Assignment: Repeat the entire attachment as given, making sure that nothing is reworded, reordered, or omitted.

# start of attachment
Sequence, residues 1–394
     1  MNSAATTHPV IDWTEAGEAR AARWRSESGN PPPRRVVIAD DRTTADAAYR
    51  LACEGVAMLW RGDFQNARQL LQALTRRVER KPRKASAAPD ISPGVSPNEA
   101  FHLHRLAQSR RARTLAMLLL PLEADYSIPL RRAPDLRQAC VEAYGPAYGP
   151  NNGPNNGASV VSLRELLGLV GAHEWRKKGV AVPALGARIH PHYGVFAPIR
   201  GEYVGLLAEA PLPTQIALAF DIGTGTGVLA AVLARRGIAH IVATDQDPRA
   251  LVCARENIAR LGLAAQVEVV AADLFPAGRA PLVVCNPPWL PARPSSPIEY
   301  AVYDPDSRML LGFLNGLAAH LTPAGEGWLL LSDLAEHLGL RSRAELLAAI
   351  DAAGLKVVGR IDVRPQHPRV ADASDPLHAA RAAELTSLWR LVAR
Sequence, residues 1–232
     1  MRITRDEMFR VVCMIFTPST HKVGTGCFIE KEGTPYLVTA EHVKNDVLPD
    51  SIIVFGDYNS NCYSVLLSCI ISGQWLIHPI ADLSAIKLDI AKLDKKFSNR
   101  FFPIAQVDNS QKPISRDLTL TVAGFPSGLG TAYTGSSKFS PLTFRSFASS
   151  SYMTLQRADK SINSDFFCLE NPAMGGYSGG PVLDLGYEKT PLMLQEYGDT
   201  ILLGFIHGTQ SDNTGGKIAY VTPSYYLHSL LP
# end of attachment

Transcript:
Sequence, residues 1–394
     1  MNSAATTHPV IDWTEAGEAR AARWRSESGN PPPRRVVIAD DRTTADAAYR
    51  LACEGVAMLW RGDFQNARQL LQALTRRVER KPRKASAAPD ISPGVSPNEA
   101  FHLHRLAQSR RARTLAMLLL PLEADYSIPL RRAPDLRQAC VEAYGPAYGP
   151  NNGPNNGASV VSLRELLGLV GAHEWRKKGV AVPALGARIH PHYGVFAPIR
   201  GEYVGLLAEA PLPTQIALAF DIGTGTGVLA AVLARRGIAH IVATDQDPRA
   251  LVCARENIAR LGLAAQVEVV AADLFPAGRA PLVVCNPPWL PARPSSPIEY
   301  AVYDPDSRML LGFLNGLAAH LTPAGEGWLL LSDLAEHLGL RSRAELLAAI
   351  DAAGLKVVGR IDVRPQHPRV ADASDPLHAA RAAELTSLWR LVAR
Sequence, residues 1–232
     1  MRITRDEMFR VVCMIFTPST HKVGTGCFIE KEGTPYLVTA EHVKNDVLPD
    51  SIIVFGDYNS NCYSVLLSCI ISGQWLIHPI ADLSAIKLDI AKLDKKFSNR
   101  FFPIAQVDNS QKPISRDLTL TVAGFPSGLG TAYTGSSKFS PLTFRSFASS
   151  SYMTLQRADK SINSDFFCLE NPAMGGYSGG PVLDLGYEKT PLMLQEYGDT
   201  ILLGFIHGTQ SDNTGGKIAY VTPSYYLHSL LP